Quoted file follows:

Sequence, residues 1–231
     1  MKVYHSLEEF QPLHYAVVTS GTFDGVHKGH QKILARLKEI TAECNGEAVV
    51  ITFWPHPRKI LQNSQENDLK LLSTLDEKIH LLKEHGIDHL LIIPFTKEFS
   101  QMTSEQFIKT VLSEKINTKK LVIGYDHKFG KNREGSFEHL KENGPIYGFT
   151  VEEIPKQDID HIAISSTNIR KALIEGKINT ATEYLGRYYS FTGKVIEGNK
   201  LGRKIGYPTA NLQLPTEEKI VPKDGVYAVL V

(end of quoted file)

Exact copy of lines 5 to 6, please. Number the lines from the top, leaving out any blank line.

   151  VEEIPKQDID HIAISSTNIR KALIEGKINT ATEYLGRYYS FTGKVIEGNK
   201  LGRKIGYPTA NLQLPTEEKI VPKDGVYAVL V